Carson stays tethered to the text and labors to unpack what is there (exegesis) rather than imposing his own interpretation on the text (eisegesis). His excursions into historical-cultural analysis and word studies never seem like ends in themselves, but actually serve to advance the exposition of the text. Carson also helpfully allows Scripture to interpret Scripture giving the reader a better appreciation for the harmony of the canon on a particular biblical idea. Finally, Carson is determined to draw out applications of the text from the meaning of the text.

For example, after discussing the fact that Jesus, after learning of Lazarus’s condition, delayed an extra two days before going to him (John 11:5–6), Carson applies this principle of God’s delaying to us: “But God takes the long view, and he understands that sometimes delay is what is best for us.” Then, after quoting Romans 5:3–5, Carson writes: “You get the impression from this passage that both Paul and God share this vision that the development of character, perseverance, and eschatological hope are more important than simply relief from suffering” (121).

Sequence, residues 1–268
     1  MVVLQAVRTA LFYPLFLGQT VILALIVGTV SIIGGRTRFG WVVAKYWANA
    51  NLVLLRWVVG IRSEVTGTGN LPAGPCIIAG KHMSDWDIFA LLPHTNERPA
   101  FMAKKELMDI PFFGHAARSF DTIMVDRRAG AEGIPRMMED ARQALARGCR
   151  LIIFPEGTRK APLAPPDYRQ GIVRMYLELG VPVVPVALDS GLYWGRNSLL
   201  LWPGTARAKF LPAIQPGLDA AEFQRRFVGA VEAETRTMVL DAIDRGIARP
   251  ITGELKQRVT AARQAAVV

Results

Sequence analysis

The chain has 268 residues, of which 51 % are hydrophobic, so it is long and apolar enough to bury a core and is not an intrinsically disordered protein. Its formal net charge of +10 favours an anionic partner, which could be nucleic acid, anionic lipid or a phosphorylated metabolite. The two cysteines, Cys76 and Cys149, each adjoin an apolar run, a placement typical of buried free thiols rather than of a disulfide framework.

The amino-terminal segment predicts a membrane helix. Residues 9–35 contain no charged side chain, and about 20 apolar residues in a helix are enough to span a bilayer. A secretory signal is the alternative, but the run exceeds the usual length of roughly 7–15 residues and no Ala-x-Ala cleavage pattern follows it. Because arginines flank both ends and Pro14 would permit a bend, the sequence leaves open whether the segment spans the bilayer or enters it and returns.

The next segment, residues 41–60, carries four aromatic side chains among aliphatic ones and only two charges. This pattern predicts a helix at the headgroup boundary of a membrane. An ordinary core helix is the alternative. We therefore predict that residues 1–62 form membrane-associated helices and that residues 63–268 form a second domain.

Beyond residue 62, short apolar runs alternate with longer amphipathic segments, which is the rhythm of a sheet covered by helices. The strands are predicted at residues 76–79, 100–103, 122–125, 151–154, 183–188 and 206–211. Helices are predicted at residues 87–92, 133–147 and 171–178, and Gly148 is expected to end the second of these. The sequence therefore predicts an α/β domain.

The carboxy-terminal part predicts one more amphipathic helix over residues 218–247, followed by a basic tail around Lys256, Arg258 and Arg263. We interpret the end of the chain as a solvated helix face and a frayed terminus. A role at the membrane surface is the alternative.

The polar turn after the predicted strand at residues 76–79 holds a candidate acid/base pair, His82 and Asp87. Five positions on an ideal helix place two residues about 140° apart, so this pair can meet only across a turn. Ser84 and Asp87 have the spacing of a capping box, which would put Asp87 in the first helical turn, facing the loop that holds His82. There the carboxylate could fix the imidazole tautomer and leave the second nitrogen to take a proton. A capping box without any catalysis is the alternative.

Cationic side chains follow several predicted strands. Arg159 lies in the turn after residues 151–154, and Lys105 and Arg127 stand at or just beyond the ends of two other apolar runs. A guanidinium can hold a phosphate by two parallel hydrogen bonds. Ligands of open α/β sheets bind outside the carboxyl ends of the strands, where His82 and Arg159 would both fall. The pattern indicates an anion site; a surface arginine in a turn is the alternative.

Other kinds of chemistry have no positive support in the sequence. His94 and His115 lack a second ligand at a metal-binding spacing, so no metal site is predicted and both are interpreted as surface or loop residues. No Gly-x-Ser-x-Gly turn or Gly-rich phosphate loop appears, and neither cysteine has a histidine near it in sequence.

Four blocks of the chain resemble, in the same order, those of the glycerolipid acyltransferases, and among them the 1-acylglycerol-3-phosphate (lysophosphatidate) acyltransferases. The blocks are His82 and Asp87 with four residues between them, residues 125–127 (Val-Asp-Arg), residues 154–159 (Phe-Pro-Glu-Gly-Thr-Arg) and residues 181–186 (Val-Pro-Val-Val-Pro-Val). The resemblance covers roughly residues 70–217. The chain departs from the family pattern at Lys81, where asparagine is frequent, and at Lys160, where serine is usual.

2. The Centrality of God

In a culture like ours where people have “Fan Pages,” “Followers,” and “Subscribers” it is easy to fall prey to a subtle narcissism that begins to see everything, including salvation, as all about us. Carson won’t let this happen. He is relentless in reminding the reader of the Godward focus of the cross and resurrection.